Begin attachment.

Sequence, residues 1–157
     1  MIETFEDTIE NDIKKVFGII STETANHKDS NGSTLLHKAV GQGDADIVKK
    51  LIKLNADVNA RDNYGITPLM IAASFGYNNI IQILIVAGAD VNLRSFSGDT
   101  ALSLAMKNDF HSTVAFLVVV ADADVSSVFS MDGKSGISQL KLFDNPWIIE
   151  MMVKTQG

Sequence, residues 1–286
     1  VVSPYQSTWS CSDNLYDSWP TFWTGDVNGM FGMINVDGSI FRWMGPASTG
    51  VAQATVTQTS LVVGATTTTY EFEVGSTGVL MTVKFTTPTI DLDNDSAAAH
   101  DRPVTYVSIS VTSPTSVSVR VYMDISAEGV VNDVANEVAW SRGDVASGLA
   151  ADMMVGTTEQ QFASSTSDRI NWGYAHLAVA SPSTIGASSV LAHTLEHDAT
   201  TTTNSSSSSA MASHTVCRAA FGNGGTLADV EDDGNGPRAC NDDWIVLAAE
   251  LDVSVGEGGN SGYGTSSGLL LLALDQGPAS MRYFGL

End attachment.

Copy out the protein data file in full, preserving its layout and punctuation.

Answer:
Sequence, residues 1–157
     1  MIETFEDTIE NDIKKVFGII STETANHKDS NGSTLLHKAV GQGDADIVKK
    51  LIKLNADVNA RDNYGITPLM IAASFGYNNI IQILIVAGAD VNLRSFSGDT
   101  ALSLAMKNDF HSTVAFLVVV ADADVSSVFS MDGKSGISQL KLFDNPWIIE
   151  MMVKTQG

Sequence, residues 1–286
     1  VVSPYQSTWS CSDNLYDSWP TFWTGDVNGM FGMINVDGSI FRWMGPASTG
    51  VAQATVTQTS LVVGATTTTY EFEVGSTGVL MTVKFTTPTI DLDNDSAAAH
   101  DRPVTYVSIS VTSPTSVSVR VYMDISAEGV VNDVANEVAW SRGDVASGLA
   151  ADMMVGTTEQ QFASSTSDRI NWGYAHLAVA SPSTIGASSV LAHTLEHDAT
   201  TTTNSSSSSA MASHTVCRAA FGNGGTLADV EDDGNGPRAC NDDWIVLAAE
   251  LDVSVGEGGN SGYGTSSGLL LLALDQGPAS MRYFGL